Thursday, March 19, 2009

My Occupation's Known, but Not Why I Occupy

In a recent post, I took issue with Andrew Exum's claim that counterinsurgency (COIN) practitioners are reluctant to endorse undertaking COIN-based missions - a skepticism that stems from their first hand knowledge of the enormous costs and decades-long timetables involved, and of the uncertainty of achieving successful outcomes despite the considerable investments. As Fester recently wrote at Newshoggers:

COIN today promises the same type of inputs [as efforts in Vietnam and Algeria] --- ten to twenty year wars, operational costs of one to two points of annual GDP at a time of structural deficits and domestic fiscal crisis --- with the same type of outcomes --- weak, client states in need of continual support in secondary or tertiary areas of interest.

What's not to love? While Exum is perhaps accurate in describing the position held by most COIN gurus with respect to new missions calling for the use of the military, many of the most prominent COIN practitioners tend to show a willingness - enthusiasm even - for applying COIN to ongoing military engagements such as Iraq and Afghanistan.

Here, Exum might chide me for confusing "operational doctrine with strategy": COIN doctrine merely informs as to the best methods to conduct a military engagement, not whether or not the engagement makes sense/is worth it from a strategic point of view. Thus, COIN practitioners are telling us how to best conduct our current operations, not whether or not it's strategically wise to continue those operations. However, in practice, the majority of COIN experts are rarely, if ever, sticking to the strictly "operational" side of that equation.

For example, in that earlier post, I linked to a CNAS report written by four of the leading COIN scholars arguing why a 5-10 year military/diplomatic commitment in Afghanistan was necessary. It wasn't about operational doctrine - it was a strategic argument for maintaining a military presence in Afghanistan and warning of the outcomes if their plan is not followed.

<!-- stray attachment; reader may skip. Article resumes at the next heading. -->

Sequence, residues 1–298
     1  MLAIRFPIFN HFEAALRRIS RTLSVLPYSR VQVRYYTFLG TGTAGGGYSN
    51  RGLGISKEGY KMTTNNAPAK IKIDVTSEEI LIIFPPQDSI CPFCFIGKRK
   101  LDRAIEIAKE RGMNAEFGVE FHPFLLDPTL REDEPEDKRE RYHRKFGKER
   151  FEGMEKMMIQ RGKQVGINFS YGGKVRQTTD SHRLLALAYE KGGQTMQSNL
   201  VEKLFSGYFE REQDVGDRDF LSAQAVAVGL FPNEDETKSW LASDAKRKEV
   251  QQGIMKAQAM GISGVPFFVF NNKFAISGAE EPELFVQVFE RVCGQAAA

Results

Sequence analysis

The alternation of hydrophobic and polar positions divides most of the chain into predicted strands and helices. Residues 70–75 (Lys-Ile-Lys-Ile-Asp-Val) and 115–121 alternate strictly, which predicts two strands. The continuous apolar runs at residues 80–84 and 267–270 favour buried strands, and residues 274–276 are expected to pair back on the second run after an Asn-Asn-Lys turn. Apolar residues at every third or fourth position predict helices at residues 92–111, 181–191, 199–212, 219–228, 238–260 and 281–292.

In that same post, I examined certain claims made by one of the CNAS report's authors - David Kilcullen - in response to Andrew Bacevich's critique of Kilcullen's book, The Accidental Guerilla. In defense of that book, Kilcullen pointed out that he warned that pursuing military intervention as counterterrorism policy "plays into the hands of the[e] [al-Qaeda] exhaustion strategy" that is designed to bleed us of resources by getting us to overreact by using military force in response to terrorist attacks/threats. Further, in response to Bacevich's claims to the contrary, Kilcullen wrote in favor of "containment strategy" over attempts by the US to transform other societies.

Yet those concerns are not evident in Kilcullen's counsel as to the ideal way forward in Afghanistan now. The Kilcullen who took umbrage with Bacevich's review seems to be at odds with the Kilcullen who co-wrote the January CNAS report which happens to bear the title: "Tell Me Why We’re There? Enduring Interests in Afghanistan (and Pakistan)." Furthermore, in testimony before the Senate Foreign Relations Committee in early February, Kilcullen staked out an even more ambitious agenda, with a longer timeline, than that set forth in the aforementioned CNAS report:

We need to do four things – what we might call “essential strategic tasks” – to succeed in Afghanistan. We need to preventthe re-emergence of an Al Qaeda sanctuary that could lead to another 9/11. We need to protect Afghanistan from a range of security threats including the Taliban insurgency, terrorism, narcotics, misrule and corruption. We need to build sustainable and accountable state institutions (at the central, provincial and local level) and a resilient civil society. Then we can begin a phased hand-off to Afghan institutions that can survive without permanent international assistance [ed note: Oh is that all!!!]. We might summarize this approach as “Prevent, Protect, Build, Hand-Off”. Let’s call it “Option A”.